‘India is willing to restrict its monthly purchase to 1.25 million tonnes or 15 million tonnes in a year, down from 22.6 million tonnes bought in the 2017-18 financial year.’
Beginning 5 November, the US administration under President Donald Trump will be imposing the “toughest ever” sanctions on Iran, which it said is “not intended at the Iranian people, but the authoritarian Iranian regime to change its behaviour”.
While announcing the sanctions, the US administration hinted at waiving off restrictions on eight countries from importing oil from Iran, which will bring a big relief to India as it is one among the eight nations allowed to continue buy Iranian oil.
Talking to media on Friday, Secretary of State Mike Pompeo said: “On 5 November, the United States will re-impose sanctions that were lifted as part of the nuclear deal on Iran’s energy, shipbuilding, shipping and banking sectors. These sanctions hit at core areas of Iran’s economy. These economic sanctions are just a part of the US government’s total effort to change the behaviour of the Iranian regime… They are necessary to spur changes we seek on the part of the regime.”
Local media reported about Trump’s tweet on the upcoming sanctions on Iran. On Twitter, in a message designed to emphasise his “maximum pressure” policy toward Iran, Trump included a photograph of himself modelled on an entertainment industry poster with the headline: “Sanctions are coming November 5.”
While senior officials refused to name the eight countries, but according to local media here in the US, India, South Korea and Japan are among the exempted nations, which shows the “closeness to the US administration”, say many on the Capitol. Pompeo said on Friday, citing “significant reductions” in imports of oil from the Persian Gulf nation. India is one of the countries expected to get the exemptions.
Local analysts say China, India, South Korea, Turkey, Italy, the United Arab Emirates and Japan have been top importers of Iran’s oil, while Taiwan occasionally buys cargoes of Iranian crude, but is not a major buyer. Under US law, exceptions can be granted for up to 180 days.
Reacting to the waiver, India’s Petroleum and Natural Gas Minister Dharmendra Pradhan on Saturday said, “India and other leading oil buyers would benefit from the US waiver they have been granted.”
Calling it India’s victory in putting its picture correctly to the world, Pradhan credited this to Prime Minister Narendra Modi’s personal equations with the US and his insistence “that interest of consuming nations cannot be overlooked”.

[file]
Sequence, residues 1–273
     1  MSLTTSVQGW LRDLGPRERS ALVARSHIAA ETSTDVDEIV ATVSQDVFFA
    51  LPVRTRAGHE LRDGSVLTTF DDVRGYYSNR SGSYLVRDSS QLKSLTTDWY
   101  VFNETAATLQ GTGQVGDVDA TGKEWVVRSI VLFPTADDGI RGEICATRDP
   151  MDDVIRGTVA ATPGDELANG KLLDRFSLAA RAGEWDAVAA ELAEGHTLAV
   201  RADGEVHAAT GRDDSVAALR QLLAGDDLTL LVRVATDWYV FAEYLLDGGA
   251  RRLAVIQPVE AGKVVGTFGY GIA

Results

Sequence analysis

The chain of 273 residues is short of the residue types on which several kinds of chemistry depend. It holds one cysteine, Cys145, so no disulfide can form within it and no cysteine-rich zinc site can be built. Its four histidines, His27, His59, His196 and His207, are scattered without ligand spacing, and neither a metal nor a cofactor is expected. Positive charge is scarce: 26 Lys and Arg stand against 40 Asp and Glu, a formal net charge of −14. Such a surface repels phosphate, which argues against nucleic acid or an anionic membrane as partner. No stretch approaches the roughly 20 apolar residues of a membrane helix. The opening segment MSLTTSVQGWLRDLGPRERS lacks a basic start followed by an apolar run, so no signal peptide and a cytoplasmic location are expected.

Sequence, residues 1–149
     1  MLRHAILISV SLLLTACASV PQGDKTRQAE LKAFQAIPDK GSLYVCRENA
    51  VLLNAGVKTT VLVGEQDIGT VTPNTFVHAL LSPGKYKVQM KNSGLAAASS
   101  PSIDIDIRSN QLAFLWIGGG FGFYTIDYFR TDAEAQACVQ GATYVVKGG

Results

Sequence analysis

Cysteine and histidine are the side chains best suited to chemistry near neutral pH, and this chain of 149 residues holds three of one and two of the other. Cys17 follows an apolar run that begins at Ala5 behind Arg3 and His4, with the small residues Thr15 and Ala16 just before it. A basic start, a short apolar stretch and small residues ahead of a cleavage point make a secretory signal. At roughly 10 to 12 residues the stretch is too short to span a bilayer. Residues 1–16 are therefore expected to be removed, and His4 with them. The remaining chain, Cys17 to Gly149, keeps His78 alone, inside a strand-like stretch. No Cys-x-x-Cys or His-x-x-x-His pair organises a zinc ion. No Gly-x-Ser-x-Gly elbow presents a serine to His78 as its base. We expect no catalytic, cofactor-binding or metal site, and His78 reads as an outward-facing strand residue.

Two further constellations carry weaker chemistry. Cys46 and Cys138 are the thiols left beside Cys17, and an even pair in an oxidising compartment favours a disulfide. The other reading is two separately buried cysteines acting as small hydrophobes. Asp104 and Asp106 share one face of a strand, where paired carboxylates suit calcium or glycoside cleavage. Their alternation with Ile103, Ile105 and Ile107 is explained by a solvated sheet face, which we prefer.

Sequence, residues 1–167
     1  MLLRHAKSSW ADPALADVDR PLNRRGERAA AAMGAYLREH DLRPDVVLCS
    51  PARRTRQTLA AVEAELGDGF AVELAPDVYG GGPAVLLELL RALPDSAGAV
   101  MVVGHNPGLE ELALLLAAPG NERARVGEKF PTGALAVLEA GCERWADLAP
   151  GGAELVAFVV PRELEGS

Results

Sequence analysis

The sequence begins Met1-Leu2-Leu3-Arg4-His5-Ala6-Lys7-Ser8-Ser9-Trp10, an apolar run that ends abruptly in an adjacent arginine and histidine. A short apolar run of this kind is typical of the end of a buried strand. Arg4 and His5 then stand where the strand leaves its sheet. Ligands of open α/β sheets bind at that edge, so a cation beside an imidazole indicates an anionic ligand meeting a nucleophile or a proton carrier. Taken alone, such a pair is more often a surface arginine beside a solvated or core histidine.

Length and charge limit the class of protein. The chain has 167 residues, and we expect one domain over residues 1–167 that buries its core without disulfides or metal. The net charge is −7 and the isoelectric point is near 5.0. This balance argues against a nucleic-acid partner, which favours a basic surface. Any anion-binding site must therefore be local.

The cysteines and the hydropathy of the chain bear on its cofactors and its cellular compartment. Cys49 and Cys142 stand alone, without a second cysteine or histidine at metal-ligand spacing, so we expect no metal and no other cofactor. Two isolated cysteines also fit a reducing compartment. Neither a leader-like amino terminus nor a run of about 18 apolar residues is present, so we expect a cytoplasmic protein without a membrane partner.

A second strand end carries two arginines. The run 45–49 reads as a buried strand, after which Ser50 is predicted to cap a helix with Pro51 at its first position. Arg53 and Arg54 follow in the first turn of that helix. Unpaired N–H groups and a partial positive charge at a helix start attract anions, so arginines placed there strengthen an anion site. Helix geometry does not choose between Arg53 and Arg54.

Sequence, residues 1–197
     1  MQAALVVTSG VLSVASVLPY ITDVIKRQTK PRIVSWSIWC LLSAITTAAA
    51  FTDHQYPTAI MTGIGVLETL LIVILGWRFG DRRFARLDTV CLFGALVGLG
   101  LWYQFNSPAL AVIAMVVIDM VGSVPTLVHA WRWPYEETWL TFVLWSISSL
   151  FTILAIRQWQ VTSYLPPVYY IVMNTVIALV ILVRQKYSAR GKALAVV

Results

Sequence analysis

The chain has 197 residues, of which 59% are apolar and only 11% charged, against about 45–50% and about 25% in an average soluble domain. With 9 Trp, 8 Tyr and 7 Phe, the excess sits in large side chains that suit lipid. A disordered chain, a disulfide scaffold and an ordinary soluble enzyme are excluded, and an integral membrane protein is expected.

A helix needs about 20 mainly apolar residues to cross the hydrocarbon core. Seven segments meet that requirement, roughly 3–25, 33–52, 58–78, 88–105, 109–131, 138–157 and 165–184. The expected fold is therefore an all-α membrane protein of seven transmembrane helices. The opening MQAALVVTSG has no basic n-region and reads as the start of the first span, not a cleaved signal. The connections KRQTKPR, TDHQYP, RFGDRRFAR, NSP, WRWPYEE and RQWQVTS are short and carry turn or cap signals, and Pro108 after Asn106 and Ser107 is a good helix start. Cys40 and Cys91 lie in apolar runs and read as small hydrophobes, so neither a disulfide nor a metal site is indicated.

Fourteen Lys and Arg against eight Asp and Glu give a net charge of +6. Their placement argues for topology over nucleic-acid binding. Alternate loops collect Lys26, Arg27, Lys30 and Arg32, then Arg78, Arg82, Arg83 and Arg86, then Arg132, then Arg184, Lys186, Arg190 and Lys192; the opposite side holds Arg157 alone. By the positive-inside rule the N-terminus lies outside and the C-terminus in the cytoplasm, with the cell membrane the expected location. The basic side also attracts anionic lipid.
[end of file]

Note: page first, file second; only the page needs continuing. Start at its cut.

“That has been recognised by the US and it’s a big win. In the current geo-politically challenging scenario, India has managed to get its point convinced by international leaders. A country like India will benefit from this and India’s efforts will be beneficial to other consuming countries,” Pradhan said.
The US had previously wanted countries, including India, to completely halt oil purchases from Iran by 4 November when its full sanctions against Tehran come into force, but seems to have relented keeping in mind the global oil price crisis it can cause. Particularly for India, already battling a fuel price crisis ahead of the upcoming state and eventually the general elections, the exemptions are a big relief.
Pompeo added, “We expect to issue some temporary allotments to eight jurisdictions, but only because they have demonstrated significant reductions in their crude oil and cooperation on many other fronts and have made important moves towards getting to zero crude oil importation.”
India, which is the second biggest purchaser of Iranian oil after China, is willing to restrict its monthly purchase to 1.25 million tonnes or 15 million tonnes in a year (300,000 barrels per day), down from 22.6 million tonnes (452,000 barrels per day) bought in the 2017-18 financial year, sources said.
In May, President Donald Trump pulled the US out of the 2015 landmark Joint Comprehensive Plan of Action (JCPOA), terming it as “disastrous”. After the US’ withdrawal from the deal, Trump signed fresh sanctions against Iran and warned countries against any cooperation with Tehran over its controversial nuclear weapons programme.